At the snap, ASU bails out of their man-blitz look into a rush three, drop eight Cover 3 Sky (boundary safety rolls down to the flat) look. Based on the zone drop, Penix immediately looks to his zone-beating Flood concept to the boundary. A Flood concept is a three level perimeter passing concept that’s designed to “flood” the perimeter zones to one side. Typically, defenses will have at most a deep zone defender over the top and a flats zone defender underneath, so by sending three WRs running outbreaking routes to the short, intermediate, and deep portions of the perimeter, there should be at least one that’s open. On this play, we have Odunze running a deep Corner route, Westover running a Whip route, and Johnson running a swing route to create the three levels of the flood. Watching the broadcast angle above, you can see the three levels of the passing concept develop, but the depth and execution of the routes versus the down/distance and coverage doesn’t really leave Penix with many good options.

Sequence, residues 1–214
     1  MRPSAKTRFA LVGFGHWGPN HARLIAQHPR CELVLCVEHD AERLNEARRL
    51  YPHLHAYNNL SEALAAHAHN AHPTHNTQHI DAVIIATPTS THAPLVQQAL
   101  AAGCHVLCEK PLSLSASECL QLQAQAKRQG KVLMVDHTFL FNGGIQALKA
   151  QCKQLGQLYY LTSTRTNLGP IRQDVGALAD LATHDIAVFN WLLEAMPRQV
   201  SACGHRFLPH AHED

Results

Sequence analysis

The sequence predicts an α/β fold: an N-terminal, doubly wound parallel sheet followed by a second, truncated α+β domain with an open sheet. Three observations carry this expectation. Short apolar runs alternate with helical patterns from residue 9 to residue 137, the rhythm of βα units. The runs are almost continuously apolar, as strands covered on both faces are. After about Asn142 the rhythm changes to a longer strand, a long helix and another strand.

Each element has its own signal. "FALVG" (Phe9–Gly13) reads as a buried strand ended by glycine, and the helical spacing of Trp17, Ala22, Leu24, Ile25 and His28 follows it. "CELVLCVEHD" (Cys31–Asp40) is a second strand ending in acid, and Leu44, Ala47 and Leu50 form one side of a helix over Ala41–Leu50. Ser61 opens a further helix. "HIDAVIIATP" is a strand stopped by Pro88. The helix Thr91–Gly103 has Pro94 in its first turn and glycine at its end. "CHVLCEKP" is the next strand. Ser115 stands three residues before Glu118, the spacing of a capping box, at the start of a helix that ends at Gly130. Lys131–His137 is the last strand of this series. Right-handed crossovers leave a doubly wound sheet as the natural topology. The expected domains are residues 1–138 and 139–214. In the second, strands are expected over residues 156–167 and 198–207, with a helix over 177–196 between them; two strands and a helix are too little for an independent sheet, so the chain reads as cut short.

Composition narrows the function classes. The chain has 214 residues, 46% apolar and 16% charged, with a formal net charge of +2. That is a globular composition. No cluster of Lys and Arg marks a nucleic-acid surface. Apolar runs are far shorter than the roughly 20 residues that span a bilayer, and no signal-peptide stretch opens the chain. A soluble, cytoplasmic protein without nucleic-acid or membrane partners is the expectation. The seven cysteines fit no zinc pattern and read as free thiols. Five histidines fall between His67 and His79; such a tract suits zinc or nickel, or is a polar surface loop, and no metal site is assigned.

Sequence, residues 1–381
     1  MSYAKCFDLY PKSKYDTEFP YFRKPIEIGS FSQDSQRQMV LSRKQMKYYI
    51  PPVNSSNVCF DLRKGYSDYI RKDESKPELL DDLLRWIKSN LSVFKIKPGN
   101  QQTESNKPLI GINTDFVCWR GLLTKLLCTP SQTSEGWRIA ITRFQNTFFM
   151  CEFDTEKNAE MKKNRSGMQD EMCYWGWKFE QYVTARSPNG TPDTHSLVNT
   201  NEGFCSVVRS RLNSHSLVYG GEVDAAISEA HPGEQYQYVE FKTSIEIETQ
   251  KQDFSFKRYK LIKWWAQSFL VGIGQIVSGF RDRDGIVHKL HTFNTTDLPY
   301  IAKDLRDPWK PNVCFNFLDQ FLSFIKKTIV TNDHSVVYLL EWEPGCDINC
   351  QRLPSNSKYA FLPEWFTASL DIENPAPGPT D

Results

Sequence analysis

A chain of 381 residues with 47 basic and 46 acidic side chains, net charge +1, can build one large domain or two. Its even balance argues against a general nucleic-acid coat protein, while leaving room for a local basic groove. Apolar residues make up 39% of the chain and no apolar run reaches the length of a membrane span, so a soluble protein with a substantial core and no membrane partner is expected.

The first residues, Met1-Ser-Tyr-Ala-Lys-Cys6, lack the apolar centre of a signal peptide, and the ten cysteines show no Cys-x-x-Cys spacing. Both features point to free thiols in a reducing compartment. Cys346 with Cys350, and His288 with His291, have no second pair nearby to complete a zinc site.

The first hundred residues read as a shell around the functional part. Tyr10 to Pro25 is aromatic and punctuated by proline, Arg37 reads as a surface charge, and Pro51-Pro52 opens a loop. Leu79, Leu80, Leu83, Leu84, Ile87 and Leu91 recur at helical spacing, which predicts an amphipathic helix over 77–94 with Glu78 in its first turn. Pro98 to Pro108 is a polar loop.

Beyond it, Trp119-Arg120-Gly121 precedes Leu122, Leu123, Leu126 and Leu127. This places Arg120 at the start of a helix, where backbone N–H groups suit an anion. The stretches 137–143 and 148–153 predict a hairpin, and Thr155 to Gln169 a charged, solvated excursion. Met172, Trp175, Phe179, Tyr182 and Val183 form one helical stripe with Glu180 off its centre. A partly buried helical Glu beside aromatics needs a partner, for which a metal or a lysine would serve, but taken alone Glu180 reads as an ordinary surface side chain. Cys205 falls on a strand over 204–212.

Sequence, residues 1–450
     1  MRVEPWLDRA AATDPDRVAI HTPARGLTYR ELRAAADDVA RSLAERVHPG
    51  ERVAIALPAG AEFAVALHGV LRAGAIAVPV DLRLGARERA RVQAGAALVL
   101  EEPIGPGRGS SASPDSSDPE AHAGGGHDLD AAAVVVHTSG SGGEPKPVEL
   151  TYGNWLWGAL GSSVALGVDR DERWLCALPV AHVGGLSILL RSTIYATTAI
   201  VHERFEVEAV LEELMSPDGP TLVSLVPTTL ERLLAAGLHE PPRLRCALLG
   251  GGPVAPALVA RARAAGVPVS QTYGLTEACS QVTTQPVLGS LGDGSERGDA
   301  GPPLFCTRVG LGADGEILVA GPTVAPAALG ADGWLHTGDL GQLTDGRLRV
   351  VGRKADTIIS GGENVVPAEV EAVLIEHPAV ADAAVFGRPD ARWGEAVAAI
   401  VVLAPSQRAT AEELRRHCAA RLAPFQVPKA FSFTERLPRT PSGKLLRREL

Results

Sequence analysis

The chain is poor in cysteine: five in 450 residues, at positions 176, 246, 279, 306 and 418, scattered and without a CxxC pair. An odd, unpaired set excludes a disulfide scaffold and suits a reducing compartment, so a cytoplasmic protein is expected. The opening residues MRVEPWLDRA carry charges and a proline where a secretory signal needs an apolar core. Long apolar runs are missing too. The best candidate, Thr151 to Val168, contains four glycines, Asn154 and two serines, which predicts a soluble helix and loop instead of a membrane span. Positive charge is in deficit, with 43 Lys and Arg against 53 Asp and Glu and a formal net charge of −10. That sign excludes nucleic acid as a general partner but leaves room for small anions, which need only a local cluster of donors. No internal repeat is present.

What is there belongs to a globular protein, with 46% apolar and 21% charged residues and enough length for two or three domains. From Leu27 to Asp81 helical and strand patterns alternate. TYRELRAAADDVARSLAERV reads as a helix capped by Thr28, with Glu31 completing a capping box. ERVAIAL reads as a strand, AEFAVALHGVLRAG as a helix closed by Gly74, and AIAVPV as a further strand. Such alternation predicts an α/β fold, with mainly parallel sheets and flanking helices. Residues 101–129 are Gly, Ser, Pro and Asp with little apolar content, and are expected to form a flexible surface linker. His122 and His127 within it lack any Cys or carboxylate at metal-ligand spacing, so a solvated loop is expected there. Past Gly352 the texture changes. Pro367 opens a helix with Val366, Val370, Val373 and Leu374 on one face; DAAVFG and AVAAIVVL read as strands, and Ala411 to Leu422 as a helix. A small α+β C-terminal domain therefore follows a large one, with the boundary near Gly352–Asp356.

Odunze takes a really aggressive vertical release on his Corner route, which makes me think that his route is primarily to stretch the CB vertically to create space for the Whip route. The problem with the Whip Route is that Westover is running it directly into a dropping LB, so there is little separation gained out of his break for Penix to throw to. Finally, Johnson’s Swing route is an available option, but between the fact that he’s starting his route five yards behind the line with a safety barreling down on him and there’s two DL squeezing the passing lane, Penix doesn’t really have an obvious answer.